Optically active alkenylsulfoximines undergo nickel-catalyzed cross-coupling with organozinc reagents in the presence of an additional magnesium, lithium, or zinc salt. The reaction proceeds with more than 98% retention of alkene geometry (eq 18).17

Dithioacetals have two carbon-sulfur bonds attached to the same carbon atom. Sequential displacements of these two bonds in allylic substrates (eq 19) and o-amino-substituted benzylic substrates (eq 20) result in the net conversion of a carbonyl equivalent into a geminal dimethylated product.1f,g,18 It is noteworthy that only nickel complexes containing bidentate ligands catalyze the desired geminal dimethylation. When NiCl2(PPh3)2 is used, a mixture of alkenation and dimethylation products is obtained.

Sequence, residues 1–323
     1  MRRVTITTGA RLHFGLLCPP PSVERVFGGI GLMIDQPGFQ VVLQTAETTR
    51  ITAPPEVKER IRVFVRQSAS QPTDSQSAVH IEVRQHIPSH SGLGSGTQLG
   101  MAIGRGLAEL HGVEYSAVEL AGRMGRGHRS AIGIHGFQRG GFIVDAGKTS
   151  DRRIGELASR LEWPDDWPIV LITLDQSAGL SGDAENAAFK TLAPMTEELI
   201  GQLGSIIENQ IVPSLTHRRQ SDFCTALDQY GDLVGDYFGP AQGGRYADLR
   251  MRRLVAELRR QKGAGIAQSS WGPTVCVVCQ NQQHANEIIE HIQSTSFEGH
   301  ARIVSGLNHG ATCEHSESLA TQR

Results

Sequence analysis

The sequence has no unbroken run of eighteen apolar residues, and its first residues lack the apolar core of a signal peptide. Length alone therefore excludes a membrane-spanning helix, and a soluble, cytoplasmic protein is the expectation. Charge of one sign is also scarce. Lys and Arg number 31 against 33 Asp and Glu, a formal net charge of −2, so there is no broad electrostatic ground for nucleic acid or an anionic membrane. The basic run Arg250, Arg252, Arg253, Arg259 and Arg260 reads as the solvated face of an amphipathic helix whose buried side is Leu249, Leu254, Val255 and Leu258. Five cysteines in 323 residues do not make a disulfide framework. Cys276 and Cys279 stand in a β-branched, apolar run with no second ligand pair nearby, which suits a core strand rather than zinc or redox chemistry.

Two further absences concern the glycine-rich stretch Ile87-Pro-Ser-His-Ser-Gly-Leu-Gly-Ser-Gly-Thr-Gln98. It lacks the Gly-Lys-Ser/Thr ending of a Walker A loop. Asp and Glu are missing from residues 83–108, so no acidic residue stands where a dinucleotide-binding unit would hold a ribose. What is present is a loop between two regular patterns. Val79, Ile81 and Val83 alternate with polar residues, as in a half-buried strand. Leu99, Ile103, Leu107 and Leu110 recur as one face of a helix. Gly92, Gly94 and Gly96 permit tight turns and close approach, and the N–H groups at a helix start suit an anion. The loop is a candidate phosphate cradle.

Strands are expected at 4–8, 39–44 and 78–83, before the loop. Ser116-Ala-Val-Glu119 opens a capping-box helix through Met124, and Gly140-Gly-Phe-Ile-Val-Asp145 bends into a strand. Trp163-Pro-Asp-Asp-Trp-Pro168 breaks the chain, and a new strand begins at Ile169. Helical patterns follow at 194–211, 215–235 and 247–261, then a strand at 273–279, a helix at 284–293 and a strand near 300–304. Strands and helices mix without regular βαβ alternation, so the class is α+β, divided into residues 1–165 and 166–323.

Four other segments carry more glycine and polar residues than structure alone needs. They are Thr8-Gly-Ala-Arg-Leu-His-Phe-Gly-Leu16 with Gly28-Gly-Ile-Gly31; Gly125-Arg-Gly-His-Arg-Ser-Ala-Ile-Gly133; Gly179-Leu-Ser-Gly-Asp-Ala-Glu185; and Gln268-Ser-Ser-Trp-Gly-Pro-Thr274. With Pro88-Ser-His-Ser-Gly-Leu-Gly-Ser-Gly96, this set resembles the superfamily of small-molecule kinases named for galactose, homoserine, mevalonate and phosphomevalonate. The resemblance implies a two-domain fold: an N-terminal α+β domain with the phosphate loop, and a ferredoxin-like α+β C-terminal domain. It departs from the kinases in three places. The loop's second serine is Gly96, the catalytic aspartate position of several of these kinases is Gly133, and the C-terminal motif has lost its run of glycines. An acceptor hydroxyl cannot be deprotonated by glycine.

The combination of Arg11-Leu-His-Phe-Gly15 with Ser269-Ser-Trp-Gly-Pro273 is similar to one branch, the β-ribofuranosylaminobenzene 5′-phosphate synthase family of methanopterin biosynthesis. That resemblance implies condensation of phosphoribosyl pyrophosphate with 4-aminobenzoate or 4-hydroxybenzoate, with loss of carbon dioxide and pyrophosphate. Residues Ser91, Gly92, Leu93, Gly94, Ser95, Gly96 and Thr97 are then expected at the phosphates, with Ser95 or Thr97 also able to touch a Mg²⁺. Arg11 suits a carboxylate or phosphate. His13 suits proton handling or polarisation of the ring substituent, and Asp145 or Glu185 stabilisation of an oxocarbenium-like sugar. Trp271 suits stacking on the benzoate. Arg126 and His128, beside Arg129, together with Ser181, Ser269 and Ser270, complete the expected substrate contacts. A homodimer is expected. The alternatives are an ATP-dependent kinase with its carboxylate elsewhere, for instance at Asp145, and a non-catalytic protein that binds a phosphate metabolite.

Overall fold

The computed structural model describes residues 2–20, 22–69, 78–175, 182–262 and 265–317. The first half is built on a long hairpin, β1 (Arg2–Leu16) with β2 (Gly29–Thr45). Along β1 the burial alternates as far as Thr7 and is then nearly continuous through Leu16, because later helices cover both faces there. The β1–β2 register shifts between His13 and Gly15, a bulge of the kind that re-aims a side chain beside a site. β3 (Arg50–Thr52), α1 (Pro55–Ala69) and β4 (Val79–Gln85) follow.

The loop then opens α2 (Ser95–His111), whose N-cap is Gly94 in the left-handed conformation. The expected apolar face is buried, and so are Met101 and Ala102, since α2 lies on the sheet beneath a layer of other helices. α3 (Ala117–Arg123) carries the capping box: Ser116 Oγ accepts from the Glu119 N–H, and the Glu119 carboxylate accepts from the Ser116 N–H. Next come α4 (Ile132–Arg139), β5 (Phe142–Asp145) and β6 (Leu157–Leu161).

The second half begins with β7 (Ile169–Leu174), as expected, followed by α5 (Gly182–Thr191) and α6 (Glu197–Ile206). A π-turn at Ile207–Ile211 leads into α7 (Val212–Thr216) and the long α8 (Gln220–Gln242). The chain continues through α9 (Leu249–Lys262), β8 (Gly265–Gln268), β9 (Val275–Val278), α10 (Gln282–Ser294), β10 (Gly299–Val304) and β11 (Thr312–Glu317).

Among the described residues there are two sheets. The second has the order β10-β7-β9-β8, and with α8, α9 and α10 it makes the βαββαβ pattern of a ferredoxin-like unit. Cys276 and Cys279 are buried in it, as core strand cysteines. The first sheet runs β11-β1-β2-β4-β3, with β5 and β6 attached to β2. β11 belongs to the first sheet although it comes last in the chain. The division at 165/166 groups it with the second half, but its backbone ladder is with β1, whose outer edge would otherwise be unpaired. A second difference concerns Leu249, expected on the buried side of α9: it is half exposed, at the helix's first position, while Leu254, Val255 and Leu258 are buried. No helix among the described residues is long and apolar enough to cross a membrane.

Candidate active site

As mentioned earlier, b-hydride elimination is a major side reaction in the cross-coupling. However, this elimination process has been used in cross-coupling reactions of dithioacetals leading to alkenation products.1g In this case, one of the carbon-sulfur bonds is substituted by a carbon-carbon bond, and subsequently the second carbon-sulfur bond is eliminated to produce an alkene (eq 21).1f,g,19 In this respect, NiCl2(PPh3)2 is the best catalyst and the sulfur leaving group may coordinate to the nickel catalyst throughout the catalytic process.20 The reaction has particularly useful applications for the synthesis of various silyl-substituted alkenes and dienes (eqs 22 and 23).21 When the cyclopropyl Grignard reagent is employed, the reaction provides an interesting ring opening route for the synthesis of substituted dienes (eq 24).22 This reaction demonstrates an interesting example using cyclopropyl anion as an allyl anion synthon. Reactions of dithioacetals with allylmagnesium halides under similar conditions, on the other hand, afford 1,4-pentadienes as the predominant, if not exclusive, products.21b Benzylic and allylic orthothioesters also give the corresponding alkylative alkenation products in satisfactory yields.21c,e